Delegates voted to raise members’ dues, though it wasn’t at all clear whether the rank-and-file would’ve gone for that, had they put it to a vote. In another prearranged move, the union elected Dennis Williams as their next president.

Actually, the major political parties are considerably more democratic; even Mitt Romney had to win a primary or two.

Had I been a delegate, I would’ve bitterly resisted anything the leadership wanted. The UAW is a dying union. Forty years ago, it had 1.6 million members. Now it has 391,000. Outgoing President Bob King, a man who reportedly told cronies he intended to be “the next Walter Reuther,” was probably the worst failure the union has ever had. 

He took office vowing to begin organizing the “transplants,” the non-union factories that companies like Nissan and Honda have been building, mainly in the South.

King failed to organize a single one, even failing earlier this year at a Volkswagen plant in Tennessee where the ownership tacitly indicated they wouldn’t mind having the UAW there!

Worse, King blew tons of union money on futile efforts to get collective bargaining protected by the Michigan Constitution. When that lost in a landslide, the Republicans in Lansing gleefully made Michigan a right-to-work state.

That will almost certainly weaken the UAW even further. Union officials and supporters have made various excuses for their and Bob King’s failings, but the bottom line is this:

By the end of next year, it’s likely there will be more non-union autoworkers than UAW-organized ones. That’s particularly unfortunate because 2015 is also the year the UAW has to negotiate new contracts with the Detroit Three.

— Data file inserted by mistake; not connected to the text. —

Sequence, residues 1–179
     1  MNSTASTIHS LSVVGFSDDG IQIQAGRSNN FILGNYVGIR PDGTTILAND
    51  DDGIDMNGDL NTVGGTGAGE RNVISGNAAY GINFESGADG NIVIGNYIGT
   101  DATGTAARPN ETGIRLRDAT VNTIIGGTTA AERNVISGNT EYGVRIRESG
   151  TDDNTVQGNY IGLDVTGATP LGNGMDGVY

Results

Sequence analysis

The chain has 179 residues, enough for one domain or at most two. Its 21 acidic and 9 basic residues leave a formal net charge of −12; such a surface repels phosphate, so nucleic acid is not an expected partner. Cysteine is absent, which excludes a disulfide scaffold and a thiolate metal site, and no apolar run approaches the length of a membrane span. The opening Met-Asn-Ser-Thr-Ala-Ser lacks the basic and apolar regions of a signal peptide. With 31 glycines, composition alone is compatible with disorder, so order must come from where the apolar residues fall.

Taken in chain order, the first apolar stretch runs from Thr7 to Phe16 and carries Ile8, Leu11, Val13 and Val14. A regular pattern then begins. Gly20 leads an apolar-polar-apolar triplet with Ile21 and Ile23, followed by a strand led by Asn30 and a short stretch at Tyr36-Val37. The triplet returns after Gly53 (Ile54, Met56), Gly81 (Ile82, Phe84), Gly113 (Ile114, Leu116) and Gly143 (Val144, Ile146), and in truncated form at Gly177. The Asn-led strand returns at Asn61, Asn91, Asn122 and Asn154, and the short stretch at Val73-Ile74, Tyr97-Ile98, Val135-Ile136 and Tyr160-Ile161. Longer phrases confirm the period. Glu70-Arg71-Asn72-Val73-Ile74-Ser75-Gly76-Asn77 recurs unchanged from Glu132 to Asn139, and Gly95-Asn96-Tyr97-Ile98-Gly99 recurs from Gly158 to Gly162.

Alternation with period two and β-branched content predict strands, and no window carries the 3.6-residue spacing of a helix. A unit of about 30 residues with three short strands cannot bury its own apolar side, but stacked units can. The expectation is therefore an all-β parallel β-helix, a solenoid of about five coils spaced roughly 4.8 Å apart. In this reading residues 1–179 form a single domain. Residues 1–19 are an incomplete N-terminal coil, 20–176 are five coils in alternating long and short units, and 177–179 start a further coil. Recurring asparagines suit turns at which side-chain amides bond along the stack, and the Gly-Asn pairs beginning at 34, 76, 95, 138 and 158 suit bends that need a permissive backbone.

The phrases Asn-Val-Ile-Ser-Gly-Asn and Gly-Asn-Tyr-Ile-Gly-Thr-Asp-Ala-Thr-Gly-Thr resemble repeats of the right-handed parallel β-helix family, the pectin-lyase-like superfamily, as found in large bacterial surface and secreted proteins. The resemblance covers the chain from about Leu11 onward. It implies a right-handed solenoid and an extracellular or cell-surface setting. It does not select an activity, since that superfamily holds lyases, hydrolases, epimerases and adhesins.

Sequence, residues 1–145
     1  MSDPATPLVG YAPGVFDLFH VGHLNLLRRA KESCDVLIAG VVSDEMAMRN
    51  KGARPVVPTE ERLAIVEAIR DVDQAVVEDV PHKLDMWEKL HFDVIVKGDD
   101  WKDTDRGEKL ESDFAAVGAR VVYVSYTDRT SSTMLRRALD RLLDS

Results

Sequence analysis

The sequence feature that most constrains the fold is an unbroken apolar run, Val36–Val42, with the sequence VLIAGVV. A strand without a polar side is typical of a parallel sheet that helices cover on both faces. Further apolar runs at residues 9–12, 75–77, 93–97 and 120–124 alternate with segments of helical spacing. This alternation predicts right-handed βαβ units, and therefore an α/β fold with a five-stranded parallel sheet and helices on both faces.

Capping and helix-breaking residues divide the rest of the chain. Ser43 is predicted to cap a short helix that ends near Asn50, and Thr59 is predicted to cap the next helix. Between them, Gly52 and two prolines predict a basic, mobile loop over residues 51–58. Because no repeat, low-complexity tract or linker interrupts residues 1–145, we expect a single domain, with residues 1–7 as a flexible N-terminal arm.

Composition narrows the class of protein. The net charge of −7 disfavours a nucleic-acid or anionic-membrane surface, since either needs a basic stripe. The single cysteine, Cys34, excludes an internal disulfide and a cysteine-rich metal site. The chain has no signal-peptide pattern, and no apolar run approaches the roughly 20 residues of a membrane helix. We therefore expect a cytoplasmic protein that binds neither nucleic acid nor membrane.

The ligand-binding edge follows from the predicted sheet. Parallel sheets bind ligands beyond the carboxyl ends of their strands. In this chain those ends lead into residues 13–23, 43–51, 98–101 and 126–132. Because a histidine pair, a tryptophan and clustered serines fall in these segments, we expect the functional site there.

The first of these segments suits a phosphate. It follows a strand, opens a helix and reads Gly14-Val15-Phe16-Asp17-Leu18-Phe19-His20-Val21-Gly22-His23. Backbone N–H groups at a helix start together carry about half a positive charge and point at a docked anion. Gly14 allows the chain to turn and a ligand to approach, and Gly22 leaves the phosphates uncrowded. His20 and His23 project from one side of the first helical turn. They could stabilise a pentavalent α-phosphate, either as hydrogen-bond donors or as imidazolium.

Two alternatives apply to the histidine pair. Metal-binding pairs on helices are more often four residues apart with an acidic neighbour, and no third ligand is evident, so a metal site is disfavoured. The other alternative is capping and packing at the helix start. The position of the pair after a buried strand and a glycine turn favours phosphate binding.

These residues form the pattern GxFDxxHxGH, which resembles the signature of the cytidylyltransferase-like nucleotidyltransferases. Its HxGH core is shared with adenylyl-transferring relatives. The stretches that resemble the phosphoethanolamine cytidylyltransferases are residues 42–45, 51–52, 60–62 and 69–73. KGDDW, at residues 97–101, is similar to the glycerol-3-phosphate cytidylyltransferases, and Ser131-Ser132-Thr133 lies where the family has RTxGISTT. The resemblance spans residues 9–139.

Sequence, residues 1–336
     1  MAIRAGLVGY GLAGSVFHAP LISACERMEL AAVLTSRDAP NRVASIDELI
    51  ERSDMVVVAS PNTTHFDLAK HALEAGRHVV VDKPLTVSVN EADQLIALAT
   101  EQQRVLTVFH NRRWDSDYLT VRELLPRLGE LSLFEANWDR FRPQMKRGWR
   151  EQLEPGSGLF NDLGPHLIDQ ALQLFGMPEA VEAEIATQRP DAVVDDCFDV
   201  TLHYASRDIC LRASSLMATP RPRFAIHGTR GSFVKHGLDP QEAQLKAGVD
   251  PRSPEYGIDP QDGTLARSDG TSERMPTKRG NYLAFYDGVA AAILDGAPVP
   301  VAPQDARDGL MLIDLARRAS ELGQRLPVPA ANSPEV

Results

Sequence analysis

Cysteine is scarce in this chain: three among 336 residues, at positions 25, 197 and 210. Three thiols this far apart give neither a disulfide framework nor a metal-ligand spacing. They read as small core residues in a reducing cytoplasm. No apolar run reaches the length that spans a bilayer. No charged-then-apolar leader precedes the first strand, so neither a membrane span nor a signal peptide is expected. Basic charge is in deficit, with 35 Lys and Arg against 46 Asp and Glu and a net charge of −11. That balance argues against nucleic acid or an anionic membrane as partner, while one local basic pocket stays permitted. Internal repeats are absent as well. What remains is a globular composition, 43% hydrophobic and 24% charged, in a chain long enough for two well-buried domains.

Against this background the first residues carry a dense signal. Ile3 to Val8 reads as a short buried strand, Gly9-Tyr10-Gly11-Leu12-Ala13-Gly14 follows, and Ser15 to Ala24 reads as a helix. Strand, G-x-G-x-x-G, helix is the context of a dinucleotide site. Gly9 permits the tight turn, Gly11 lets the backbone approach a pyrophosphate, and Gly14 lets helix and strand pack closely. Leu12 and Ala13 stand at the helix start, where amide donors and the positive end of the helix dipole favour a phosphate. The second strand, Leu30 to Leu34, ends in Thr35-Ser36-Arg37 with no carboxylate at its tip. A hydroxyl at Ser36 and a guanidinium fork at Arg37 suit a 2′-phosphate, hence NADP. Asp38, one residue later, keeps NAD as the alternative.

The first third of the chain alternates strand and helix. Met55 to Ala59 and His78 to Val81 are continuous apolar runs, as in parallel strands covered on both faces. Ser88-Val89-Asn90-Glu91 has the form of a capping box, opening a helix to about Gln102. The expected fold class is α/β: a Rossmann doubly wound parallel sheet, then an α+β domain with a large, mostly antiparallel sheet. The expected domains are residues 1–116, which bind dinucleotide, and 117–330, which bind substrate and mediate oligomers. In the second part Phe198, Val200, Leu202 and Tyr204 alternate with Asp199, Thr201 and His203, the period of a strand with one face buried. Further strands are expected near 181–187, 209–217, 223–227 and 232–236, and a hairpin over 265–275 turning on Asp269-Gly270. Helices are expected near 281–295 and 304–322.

Not everything that’s wrong with the union is Bob King’s fault: Several years ago, in an effort to help save the industry itself, the UAW agreed to a two-tier wage system in which new hires would be paid only about three-fifths of what the older ones make.

That, I believe, would have sent Walter Reuther spinning in his grave. Recently. Sergio Marchionne, head of the Italian subsidiary formerly known as Chrysler, said he thought the new lower wage should become the norm for all future autoworkers.

We’re talking about roughly $30,000 a year. Try buying a house or a car on that. Unless that changes, it’s also hard to tell any worker that it’s worth paying higher dues to the UAW.

If King was the union’s weakest modern president, Dennis Williams’ task is to make sure he’s not its last.